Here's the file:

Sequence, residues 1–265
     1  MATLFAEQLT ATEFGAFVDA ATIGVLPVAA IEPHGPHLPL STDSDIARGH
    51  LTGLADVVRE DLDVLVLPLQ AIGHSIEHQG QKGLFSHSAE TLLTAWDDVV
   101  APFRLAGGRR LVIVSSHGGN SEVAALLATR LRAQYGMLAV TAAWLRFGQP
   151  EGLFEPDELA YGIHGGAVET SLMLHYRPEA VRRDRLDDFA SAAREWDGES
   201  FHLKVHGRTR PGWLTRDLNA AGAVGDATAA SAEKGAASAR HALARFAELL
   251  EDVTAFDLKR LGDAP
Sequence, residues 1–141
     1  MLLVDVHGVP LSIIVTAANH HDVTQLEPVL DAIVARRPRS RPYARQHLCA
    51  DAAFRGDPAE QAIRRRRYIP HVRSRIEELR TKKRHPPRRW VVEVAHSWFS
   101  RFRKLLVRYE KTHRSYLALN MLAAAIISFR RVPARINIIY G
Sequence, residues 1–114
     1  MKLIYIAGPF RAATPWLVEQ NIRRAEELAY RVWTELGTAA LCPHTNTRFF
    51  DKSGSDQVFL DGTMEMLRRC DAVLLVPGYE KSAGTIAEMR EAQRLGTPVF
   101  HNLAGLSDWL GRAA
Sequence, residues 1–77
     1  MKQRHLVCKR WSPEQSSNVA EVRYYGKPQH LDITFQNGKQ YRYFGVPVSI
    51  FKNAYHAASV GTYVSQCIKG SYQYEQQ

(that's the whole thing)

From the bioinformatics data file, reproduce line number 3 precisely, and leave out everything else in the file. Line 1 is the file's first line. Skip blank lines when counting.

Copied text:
    51  LTGLADVVRE DLDVLVLPLQ AIGHSIEHQG QKGLFSHSAE TLLTAWDDVV